of his gallantry the ladies of the city-presented him a handsome flag
and the Scottish colors. At Malvern Hill Captain Simpson was
seriously wounded. His death occurred at Norfolk in 1868. Wil-
liam M. Simpson, son of the foregoing, was born at Norfolk, July
31, 1855. At the age of fourteen years he entered the employment
of W. D. Reynolds & Co., cotton merchants, as an office boy, and
by continual promotions rose to the position of buyer, the best in
the gift of the firm, and in this capacity served for fifteen years. He
began the discharge of this important duty at a very early age, but
though occasionally embarrassed by his youth in the transaction of
business, he met with notable success. In 1891 he entered the em-
ployment of Price, Reid & Co., as cotton buyer, a position he still
holds. Mr. Simpson is prominently connected with several fra-
ternal orders — the Odd Fellows, Royal Arcanum, Knights of Hon-
or, Independent Order of Heptasophs, and the order of the Golden
Chair. For six years he served in the Norfolk City Guards. No-
vember II, 1884, he was married to Miss Mary L. Nunnally, of Pet-
ersburg, Va., daughter of William T. A. Nunnally, who served effi-
ciently in the ordnance department of the Confederate States. They
have one child, Mary Louise.

Captain Charles R. Skinker, of Richmond, was born in Orange
county, Va., in 1841. He was reared in his native county, and
after receiving a preparatory education there, attended school at
Staunton, and subsequently entered the university of Virginia. In
i860 he made his home at Richmond and engaged in business with
a brother. On April 21, 1861, he abandoned civil pursuits to become
a private in the famous "F" company, with which he served until
the eve of the campaign before Richmond in 1862, when he was
transferred to the Second Howitzers of Richmond. With this gal-
lant artillery command he was identified until the battle of Fred-
ericksburg, when he was severely wounded in the breast. On be-
coming capacitated for duty several months later, he was promoted
lieutenant and assigned to the Forty-eighth regiment Virgmia in-
fantry, and soon afterward being further promoted to the rank of
captain continued with that command, except during a period of
imprisonment, until at Hatcher's Run, February 7, 1865, he received
a wound which caused the loss of his left foot. This severe injury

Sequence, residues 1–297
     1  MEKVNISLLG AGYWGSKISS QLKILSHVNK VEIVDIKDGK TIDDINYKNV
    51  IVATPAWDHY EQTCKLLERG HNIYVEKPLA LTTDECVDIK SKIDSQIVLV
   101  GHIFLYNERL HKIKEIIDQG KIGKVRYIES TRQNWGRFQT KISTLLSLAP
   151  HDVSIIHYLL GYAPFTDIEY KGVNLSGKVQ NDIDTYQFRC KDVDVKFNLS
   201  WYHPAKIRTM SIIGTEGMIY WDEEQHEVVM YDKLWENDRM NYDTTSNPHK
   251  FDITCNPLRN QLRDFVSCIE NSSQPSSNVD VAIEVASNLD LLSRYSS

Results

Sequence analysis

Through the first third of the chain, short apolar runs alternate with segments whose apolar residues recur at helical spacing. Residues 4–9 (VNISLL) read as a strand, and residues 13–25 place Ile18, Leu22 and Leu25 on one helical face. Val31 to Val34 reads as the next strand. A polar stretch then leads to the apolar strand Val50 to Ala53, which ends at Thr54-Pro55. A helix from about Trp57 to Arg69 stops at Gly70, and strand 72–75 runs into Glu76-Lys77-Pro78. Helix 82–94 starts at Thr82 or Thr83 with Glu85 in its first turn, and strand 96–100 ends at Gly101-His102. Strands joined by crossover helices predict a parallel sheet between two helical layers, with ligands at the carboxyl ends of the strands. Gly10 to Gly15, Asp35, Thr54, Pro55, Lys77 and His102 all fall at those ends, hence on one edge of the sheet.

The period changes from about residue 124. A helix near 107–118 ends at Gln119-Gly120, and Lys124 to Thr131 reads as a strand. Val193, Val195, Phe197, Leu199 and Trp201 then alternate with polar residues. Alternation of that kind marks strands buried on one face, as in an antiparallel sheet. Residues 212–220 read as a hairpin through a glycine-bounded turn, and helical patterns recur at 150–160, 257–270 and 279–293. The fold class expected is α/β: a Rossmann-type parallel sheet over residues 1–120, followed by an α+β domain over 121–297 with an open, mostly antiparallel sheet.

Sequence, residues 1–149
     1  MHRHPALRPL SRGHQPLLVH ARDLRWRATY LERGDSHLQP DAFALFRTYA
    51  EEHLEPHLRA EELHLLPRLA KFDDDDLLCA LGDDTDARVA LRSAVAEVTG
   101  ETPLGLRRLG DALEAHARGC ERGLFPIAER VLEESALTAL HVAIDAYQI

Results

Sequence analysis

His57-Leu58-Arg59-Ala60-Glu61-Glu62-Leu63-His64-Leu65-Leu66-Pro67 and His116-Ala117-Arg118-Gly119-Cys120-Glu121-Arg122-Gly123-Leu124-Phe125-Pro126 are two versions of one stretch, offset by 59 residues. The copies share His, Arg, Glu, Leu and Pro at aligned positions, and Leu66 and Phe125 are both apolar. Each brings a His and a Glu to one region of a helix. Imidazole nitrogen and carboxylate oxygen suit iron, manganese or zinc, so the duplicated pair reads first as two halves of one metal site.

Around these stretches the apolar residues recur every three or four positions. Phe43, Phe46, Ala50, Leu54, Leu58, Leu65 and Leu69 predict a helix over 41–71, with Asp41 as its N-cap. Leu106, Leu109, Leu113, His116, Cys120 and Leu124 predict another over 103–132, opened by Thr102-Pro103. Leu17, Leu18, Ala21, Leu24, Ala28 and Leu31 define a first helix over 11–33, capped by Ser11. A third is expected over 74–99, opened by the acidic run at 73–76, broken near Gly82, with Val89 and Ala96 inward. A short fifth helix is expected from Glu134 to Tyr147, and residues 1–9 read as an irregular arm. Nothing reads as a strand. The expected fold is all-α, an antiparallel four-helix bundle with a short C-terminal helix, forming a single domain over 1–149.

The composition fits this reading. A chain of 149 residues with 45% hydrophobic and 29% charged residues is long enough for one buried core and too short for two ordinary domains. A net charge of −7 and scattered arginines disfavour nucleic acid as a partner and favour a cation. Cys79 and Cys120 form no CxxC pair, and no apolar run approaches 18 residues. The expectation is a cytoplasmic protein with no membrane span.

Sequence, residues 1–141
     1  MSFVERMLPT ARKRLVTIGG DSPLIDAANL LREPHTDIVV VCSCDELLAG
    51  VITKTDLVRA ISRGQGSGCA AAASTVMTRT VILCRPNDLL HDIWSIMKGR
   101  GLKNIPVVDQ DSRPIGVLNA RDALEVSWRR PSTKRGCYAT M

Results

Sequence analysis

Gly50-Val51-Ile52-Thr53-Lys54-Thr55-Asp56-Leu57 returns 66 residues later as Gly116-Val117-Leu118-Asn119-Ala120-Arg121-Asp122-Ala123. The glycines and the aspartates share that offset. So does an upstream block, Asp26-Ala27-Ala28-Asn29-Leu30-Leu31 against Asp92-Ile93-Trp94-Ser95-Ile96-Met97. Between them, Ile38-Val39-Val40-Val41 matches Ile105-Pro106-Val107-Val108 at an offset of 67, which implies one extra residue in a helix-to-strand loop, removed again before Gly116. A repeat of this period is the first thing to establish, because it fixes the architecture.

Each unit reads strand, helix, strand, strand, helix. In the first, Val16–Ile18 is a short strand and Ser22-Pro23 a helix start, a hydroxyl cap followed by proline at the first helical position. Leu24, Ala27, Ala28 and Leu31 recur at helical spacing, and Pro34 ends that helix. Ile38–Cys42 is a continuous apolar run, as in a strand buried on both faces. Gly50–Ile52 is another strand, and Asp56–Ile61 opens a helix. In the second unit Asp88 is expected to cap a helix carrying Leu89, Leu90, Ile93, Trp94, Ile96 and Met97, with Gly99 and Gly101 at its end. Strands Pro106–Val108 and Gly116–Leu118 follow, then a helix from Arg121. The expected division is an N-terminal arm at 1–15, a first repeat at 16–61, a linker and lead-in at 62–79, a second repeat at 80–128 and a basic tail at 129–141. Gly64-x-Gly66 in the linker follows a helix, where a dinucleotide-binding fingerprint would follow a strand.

put an end to his active service. Among the battles in which he
rendered honorable service were Kernstown, where he received his
first wound, the battles before Richmond in the Peninsular cam-
paign, Fredericksburg, Chancellorsville, the defeat of Milroy at
Winchester, Gettysburg, Mine Run, the Wilderness, Spottsyl-
vania Court House and Hatcher's Run. At the bloody salient, at


Spottsylvania, May 12, 1864, he was among the many captured in
Hancock's assault, and becoming a prisoner of war was subsequent-
ly confined for seven months at Fort Delaware. At the close of
hostilities he was paroled at Savannah, Ga., and he then resided for
several years in New York. Returning finally to Richmond, he
engaged in mercantile business, with success, until his retirement
in 1886.

Charles H. Smith, of Berryville, a veteran of Jones' brigade of
Stuart's cavalry, was born at the town where he now resides, March
14, 1833. Previous to 1861 he became engaged in mercantile pur-
suits and farming, and was a member of the Clarke county cavalry
company, under command of Capt. Hugh Nelson. He went into
service immediately upon the secession of Virginia, as first sergeant
of his company, and took part in the occupation of Harper's Ferry,
the engagement at Falling Waters and the battle of First Manas-
sas, and fought in 1862 in the valley with Ashby and Jackson. With
the Sixth cavalry regiment in Robertson's brigade he joined Stuart
in time to take part in the second battle of Manassas, and the other
operations of that campaign. He served with Stuart's cavalry in
the raid around McClellan following Sharpsburg, participated in
Gen. W. E. Jones' campaign in West Virginia, and in the com-
mand of the latter general took part in the Pennsylvania campaign,
including the battle of Gettysburg. At the time of Sheridan's raid
on Richmond, which resulted in the battle of Yellow Tavern, in
which Stuart fell. Sergeant Smith was captured and for six months
afterward was confined at Point Lookout. Then being ex-
changed he returned to his command and participated in the battle
of Five Forks, where he was again captured, but the end of thd
war soon arriving he was not long held as a prisoner. In this en-
gagement Treadwell Smith, a cousin of our subject, and also a
member of the Clarke cavalry, was killed. Then returning to
Clarke county the subject of this notice engaged in farming until
1869, after which for ten years he was in business at Baltimore, Md.
Since then he has conducted a warehouse business at Berryville,